ARE WE MAKING FLY FISHING TOO DIFFICULT FOR BEGINNERS?
As I read posts on FAOL I constantly read about the problems that new fly fishers are having or have had and I cannot help but wonder if we are making fly fishing too difficult for beginners to grasp. For instance, I see posts from people stating that they tried fly fishing several years ago and quit because they just could not do all that is required. I have read posts that state that they would like to learn how to fly fish because watching a fly fisherman fish looks so relaxing and looks like fun, but, they just do not think that they could master all that casting they see being done. When I am fly fishing the rivers I run into many spin fisherman, young and old, that have an interest in learning fly fishing but make statements that they just do not want to learn about all the bugs that you need to know and hatches. They know that their Mepps Spinner or Roostertail spinner will catch fish and they have confidence in using them, but they still have that inner drive to learn fly fishing.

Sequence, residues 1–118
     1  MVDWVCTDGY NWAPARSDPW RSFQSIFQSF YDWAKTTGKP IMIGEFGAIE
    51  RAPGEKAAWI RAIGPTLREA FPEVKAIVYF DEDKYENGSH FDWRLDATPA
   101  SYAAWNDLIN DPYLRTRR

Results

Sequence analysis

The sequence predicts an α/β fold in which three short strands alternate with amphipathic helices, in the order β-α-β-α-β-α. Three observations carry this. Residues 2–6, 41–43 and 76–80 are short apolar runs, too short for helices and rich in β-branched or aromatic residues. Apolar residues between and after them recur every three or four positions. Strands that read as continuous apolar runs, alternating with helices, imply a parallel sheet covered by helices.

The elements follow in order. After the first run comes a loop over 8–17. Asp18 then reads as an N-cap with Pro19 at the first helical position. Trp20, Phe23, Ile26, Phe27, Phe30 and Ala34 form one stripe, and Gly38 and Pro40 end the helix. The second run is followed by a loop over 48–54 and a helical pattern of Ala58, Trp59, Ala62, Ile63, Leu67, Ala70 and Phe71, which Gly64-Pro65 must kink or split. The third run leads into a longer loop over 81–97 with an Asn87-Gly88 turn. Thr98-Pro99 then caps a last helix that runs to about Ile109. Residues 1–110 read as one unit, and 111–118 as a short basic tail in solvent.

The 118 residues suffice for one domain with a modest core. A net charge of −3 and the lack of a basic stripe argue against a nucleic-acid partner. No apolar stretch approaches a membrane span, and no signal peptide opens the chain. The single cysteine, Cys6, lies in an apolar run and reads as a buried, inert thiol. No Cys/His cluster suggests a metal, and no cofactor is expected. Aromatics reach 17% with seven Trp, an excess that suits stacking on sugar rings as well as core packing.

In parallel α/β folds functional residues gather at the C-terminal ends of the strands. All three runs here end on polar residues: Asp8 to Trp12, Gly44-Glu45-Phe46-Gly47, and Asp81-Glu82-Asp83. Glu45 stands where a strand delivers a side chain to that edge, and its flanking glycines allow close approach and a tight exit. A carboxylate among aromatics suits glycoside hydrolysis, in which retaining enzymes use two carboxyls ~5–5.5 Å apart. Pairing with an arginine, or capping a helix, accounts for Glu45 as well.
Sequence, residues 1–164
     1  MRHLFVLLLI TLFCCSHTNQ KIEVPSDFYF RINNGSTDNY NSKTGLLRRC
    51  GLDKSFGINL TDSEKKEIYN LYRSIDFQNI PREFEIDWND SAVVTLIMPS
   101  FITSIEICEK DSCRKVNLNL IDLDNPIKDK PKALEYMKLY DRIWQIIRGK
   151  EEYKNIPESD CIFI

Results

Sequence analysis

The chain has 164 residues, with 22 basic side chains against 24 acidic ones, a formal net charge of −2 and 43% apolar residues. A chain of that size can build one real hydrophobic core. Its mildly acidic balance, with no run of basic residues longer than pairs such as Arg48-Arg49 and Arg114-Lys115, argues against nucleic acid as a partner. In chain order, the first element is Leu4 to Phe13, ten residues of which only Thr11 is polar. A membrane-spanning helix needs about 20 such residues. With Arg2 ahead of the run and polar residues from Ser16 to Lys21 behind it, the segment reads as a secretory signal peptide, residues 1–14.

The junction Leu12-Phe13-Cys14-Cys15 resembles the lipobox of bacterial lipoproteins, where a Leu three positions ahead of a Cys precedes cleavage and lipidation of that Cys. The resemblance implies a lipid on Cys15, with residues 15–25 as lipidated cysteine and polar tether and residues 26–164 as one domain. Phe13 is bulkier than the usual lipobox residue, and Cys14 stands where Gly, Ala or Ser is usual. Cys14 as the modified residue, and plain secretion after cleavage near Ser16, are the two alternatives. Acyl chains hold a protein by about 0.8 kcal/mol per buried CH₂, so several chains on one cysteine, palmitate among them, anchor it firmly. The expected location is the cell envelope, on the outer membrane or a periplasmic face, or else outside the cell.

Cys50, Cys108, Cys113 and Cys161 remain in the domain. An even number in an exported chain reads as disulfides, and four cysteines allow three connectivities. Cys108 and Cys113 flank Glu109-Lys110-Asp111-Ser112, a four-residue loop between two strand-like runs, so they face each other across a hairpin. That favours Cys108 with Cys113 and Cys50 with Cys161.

Are we making the sport sound difficult to learn? If we are, are we keeping beginners from learning? If we are, then our sport of fly fishing may "dry up on the vine" and no longer have the power to get more support from those who control the money that could help us by improving the water quality and the trout program. If we are, then the prices we have to pay for our equipment will continue to rise because the demand will be low.
What do we need to do to attract more beginners to this sport? I have a few suggestions that some may find interesting and some will immediately "turn their noses up" and quit reading. The following are some of my thoughts on this: